The last, on Oct. 28, saw a turnout of about 50 people. Though everyone agreed that low-income housing was in high demand in the area, many voiced concern about the design of the building, arguing that a four-story structure would tower over the surrounding area.
Attendees added that the units inside the planned development were too small. One woman suggested scaling the building down to a single story.
Others argued that the demand for low-income housing continued to rise and that the money for those projects was constantly absent.
Brian Flagg, who runs Casa Maria Free Kitchen on East 25th Street, said the project isn’t about the design, but Tucson’s homeless who need a place to sleep.
“You guys are talking a lot about the design of this building,” Flagg said to the audience. “From a poor person sleeping on the street tonight, they’re saying, ‘work that stuff out.’”
Still, some argued that the design and location of the building did more of a disservice to the residents it was trying to draw. Some added that downtown has long since abandoned class diversity and instead been developed to draw college students and people willing to spend money on nightlife activities.
For others, the issue behind the project was the lack of public outreach on the part of the developer and the State Historic Preservation Office.
Patch was among the first to send letters to the office in Phoenix about the undertaking after hearing about it through neighbors. His main concern was that the city was demolishing a historic property built by Joesler, a revered Tucson architect who built a number of residential and non-residential properties from the 1920s to the 1950s.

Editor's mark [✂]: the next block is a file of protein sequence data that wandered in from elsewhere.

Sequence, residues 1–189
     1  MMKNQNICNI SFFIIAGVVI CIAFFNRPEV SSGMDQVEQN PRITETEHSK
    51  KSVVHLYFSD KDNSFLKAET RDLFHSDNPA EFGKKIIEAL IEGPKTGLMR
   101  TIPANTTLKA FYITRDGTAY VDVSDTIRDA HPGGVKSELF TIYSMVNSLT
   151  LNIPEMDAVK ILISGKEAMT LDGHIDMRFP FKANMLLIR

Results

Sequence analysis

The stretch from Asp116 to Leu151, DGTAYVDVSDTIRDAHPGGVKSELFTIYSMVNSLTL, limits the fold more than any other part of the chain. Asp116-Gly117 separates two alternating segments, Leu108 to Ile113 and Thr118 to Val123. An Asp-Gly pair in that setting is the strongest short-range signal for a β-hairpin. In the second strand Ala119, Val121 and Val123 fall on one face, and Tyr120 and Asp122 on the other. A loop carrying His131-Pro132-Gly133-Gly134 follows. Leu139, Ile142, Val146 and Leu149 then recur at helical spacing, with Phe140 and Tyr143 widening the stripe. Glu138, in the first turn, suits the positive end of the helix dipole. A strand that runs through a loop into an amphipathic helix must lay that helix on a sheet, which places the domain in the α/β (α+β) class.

Patch sent an initial letter to SHPO Architect Robert Frankeberger in late May, and obtained emails between Frankeberger and Mark Appleby, a private consultant who advised Compass through the Section 106 process. Patch echoed his concerns — and criticized SHPO’s failure to tell the public about the project — at the October meeting.
“There’s total collusion between SHPO and the developer on this project,” Patch said, referencing emails he had requested from the office. “They’ve been in bed together since before last January.”
In the emails — public records that Patch provided to the Weekly — Appleby asks Frankeberger to proofread and “word-smith” consultation letters to SHPO and a letter for invitation to the Advisory Council of Historic Preservation.
Frankeberger later warned Appleby of community “push back” toward the project.
“Your prediction on the ‘push back’ was pretty good and we were somewhat prepared, though the protestors are a bit shrill,” Appleby wrote in an email in early October. “Seems the hotel’s architect is a bit of a local hero.”
Frankeberger’s response came early the next day.
“By Tucson standards, he’s a genius,” he wrote. “Their local architecture greats, such as Arthur T. Brown, can’t compete with the ‘popular,’ and unschooled notion of what constitutes architectural excellence.”
The advising Frankeberger provided to Compass consultants to move the project forward, Patch added, was perplexing.
“He’s talking to the developer and coaching them on how to respond to all these issues and helping them basically get their development approved,” Patch said after the meeting in October. “Why isn’t he helping the neighborhood? We didn’t know about this until way late in the game. Why isn’t he helping us? He’s supposed to be saving these buildings.”